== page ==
1st Edition

Developing the Global Student Higher education in an era of globalization

By David Killick Copyright 2015
    224 Pages 11 B/W Illustrations
    by Routledge

    224 Pages 11 B/W Illustrations
    by Routledge

    Developing the Global Student addresses the question of how students of higher education can emerge from their university life better equipped to dwell more effectively, ethically, and comfortably amidst the turmoils of a globalizing world. It does this from a number of theoretical perspectives, illustrating the nature of the personal and educational challenges facing the individual student and the teaching professional.

    The book explores the massive social changes wrought by the technologies and mobilities of globalization, particularly how present and future generations will relate to, work with and dwell alongside the global other. It outlines a range of social, psychological and intercultural perspectives on human tendencies to seek out comfort among communities of similitude, and illustrates how the experience of life in a global era requires us to transcend the limits of our own biographies and approach university education as a matter of knowledge deconstruction and identity reconstruction, rather than reproduction.

    This book brings these considerations directly into the daily business of higher education by drawing out the implications for practice at a number of levels. It examines:

    • the implications of a globally interconnected world and individual biographies for the design of the curriculum;
    • a holistic view of learning in the context of the need to develop the global self;
    • what the impact on non-academic practice will be if universities as institutions are to enable these changes;
    • ways in which the broader student community can transform to offer an experience which is more supportive of the development of global selves.

    Linking theoretical perspectives to present a model of learning as change, this book will be of great interest to those working in higher education, and particularly to anyone involved in policy design and the delivery of the student experience.

    Glossary  Introduction

    Chapter One – Questions of Context


    SECTION ONE – Global Contexts

    SECTION TWO – Conceptions of Higher Education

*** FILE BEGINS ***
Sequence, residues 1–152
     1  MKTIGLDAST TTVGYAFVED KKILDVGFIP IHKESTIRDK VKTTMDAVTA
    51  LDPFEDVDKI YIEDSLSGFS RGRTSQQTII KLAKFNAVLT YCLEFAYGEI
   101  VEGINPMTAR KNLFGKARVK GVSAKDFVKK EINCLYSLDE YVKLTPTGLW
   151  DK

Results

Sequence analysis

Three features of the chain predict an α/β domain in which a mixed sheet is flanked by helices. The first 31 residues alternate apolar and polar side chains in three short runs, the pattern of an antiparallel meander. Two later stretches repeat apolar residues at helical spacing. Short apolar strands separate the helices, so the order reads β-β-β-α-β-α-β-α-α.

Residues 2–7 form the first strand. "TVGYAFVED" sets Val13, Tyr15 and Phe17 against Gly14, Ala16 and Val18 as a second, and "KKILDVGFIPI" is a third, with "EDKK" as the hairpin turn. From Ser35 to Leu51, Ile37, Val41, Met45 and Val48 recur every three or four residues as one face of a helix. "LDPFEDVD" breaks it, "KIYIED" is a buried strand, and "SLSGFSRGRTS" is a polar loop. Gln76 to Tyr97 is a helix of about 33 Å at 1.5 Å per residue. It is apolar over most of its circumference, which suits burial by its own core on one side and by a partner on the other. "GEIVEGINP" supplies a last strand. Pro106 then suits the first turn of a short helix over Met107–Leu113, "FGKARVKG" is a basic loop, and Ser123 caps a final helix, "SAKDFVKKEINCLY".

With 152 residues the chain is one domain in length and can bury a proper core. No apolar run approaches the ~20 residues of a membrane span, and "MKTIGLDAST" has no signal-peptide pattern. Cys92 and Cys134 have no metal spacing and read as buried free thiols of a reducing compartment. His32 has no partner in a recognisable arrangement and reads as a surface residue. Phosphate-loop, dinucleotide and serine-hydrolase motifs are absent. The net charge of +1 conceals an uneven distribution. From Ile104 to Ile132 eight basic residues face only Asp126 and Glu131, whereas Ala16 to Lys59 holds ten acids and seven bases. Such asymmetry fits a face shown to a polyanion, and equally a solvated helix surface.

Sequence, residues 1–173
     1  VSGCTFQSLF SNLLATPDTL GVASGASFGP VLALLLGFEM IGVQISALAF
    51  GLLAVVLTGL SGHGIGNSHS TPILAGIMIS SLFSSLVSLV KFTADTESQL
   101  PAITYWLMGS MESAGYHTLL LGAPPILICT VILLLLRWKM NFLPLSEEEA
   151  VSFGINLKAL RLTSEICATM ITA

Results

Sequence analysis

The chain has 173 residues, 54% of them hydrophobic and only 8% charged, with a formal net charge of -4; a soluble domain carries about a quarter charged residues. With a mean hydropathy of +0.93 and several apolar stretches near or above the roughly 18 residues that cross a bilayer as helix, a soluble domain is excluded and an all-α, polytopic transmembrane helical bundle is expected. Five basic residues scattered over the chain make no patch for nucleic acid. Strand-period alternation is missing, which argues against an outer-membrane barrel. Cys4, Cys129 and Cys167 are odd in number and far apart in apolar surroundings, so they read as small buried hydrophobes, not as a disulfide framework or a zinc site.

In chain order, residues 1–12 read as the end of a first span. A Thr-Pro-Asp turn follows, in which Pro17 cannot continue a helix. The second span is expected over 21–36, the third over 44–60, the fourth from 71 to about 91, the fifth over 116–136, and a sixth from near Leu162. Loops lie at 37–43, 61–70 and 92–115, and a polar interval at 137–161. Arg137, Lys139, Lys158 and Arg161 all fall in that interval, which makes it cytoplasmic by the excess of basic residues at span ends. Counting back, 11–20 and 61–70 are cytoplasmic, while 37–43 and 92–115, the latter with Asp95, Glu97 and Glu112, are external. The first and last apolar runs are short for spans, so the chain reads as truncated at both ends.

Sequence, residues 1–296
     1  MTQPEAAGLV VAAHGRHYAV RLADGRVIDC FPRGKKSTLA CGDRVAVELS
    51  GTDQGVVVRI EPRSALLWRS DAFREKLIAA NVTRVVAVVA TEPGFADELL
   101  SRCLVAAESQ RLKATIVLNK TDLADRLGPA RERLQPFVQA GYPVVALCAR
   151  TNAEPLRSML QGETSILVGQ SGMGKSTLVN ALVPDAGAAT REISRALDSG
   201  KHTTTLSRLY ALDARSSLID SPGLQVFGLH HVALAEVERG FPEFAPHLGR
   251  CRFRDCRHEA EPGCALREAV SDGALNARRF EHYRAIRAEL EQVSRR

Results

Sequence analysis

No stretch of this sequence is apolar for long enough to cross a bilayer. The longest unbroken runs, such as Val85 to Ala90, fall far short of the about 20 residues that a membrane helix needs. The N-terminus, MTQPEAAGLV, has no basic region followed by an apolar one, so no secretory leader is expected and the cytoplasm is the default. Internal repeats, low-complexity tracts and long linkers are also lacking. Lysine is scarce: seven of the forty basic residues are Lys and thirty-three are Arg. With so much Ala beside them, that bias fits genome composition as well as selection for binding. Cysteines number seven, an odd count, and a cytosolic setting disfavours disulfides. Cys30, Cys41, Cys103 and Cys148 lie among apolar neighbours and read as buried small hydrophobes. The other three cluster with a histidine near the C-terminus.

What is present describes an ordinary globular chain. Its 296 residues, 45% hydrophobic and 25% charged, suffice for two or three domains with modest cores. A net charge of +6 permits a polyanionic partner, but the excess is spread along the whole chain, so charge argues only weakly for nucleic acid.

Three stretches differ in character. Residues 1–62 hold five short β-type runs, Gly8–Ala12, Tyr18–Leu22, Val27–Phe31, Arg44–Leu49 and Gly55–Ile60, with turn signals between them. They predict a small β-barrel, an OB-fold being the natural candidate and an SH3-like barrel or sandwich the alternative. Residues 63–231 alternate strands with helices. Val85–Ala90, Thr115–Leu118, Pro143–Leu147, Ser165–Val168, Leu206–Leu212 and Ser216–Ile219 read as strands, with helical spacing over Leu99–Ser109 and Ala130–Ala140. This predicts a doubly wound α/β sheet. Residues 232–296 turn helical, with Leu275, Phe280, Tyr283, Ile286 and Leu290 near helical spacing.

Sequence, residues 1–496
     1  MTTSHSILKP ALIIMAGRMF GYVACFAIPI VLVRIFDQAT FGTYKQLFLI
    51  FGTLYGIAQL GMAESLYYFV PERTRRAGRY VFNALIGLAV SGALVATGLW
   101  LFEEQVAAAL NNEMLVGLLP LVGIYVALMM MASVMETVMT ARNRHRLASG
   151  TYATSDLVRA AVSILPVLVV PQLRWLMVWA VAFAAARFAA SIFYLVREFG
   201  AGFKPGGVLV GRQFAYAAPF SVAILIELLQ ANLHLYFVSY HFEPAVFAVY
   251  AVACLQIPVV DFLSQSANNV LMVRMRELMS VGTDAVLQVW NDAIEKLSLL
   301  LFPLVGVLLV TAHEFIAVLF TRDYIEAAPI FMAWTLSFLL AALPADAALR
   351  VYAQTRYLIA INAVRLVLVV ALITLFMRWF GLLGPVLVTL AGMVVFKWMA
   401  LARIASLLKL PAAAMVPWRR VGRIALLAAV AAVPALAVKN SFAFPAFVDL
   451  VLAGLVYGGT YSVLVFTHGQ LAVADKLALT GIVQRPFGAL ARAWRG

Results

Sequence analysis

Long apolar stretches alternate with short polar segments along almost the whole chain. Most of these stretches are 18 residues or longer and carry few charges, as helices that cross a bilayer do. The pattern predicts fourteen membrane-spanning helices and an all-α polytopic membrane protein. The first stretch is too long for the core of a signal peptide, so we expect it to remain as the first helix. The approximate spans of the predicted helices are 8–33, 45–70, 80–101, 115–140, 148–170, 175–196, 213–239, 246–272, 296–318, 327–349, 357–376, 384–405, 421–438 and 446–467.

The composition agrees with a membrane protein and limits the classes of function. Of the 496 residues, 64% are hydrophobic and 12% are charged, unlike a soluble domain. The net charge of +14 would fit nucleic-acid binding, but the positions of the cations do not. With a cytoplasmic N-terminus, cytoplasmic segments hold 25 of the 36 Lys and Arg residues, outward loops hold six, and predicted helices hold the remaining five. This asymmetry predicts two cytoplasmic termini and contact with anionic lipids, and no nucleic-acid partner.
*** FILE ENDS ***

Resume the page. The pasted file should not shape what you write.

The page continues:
SECTION THREE – Education for Citizenship, Social Justice, and a Better World?

    SECTION FOUR – Internationalization

    SECTION FIVE – Internationalization of the Curriculum

    SECTION SIX – The Global Self

    Chapter Two – Questions of Alterity


    SECTION ONE – Social Consequences of Globalization

    SECTION TWO – Social Identity and Ethnocentrism

    SECTION THREE – Intercultural Competence & Communication

    SECTION FOUR – Contact & Conflict thoeries

    Chapter Three – Questions of the Lifeworld


    SECTION ONE – A Model of the Lifeworld

    SECTION TWO – The Habitus and the Ready-to-hand

    SECTION THREE – Capital, Capability & Agency

    SECTION FOUR – Cultural Icebergs

    SECTION FIVE – Schemata, Scripts and Types

    SECTION SIX – Attitudes & Heuristics

    Chapter Four – Questions of Learning


    SECTION ONE – (Re)forming the Lifeworld

    SECTION TWO – Holistic Learning

    SECTION THREE – Learning Triggers

    SECTION FOUR – Situated Learning & Communities of Practice

    SECTION FIVE – Learning Stages

    Chapter Five – Questions of Practice


    SECTION ONE – Shaping the Environment: Inclusivity and The Hidden Curriculum

    SECTION TWO – Shaping the Curriculum: Content and Outcomes

    SECTION THREE – Shaping the Delivery: Learning Experiences and Communities

    SECTION FOUR – Shaping Broader Institutional Practice


    Appendix 1 Selected resources and Links to Support Practice



    David Killick is Head of Academic Staff Development at Leeds Metropolitan University, UK, and has worked on institutional internationalization initiatives for several years.

    "The book is a thought-provoking and extensively referenced discussion of the internationalisation of campus-based university provision and experience." Linda Robson, Educational Developments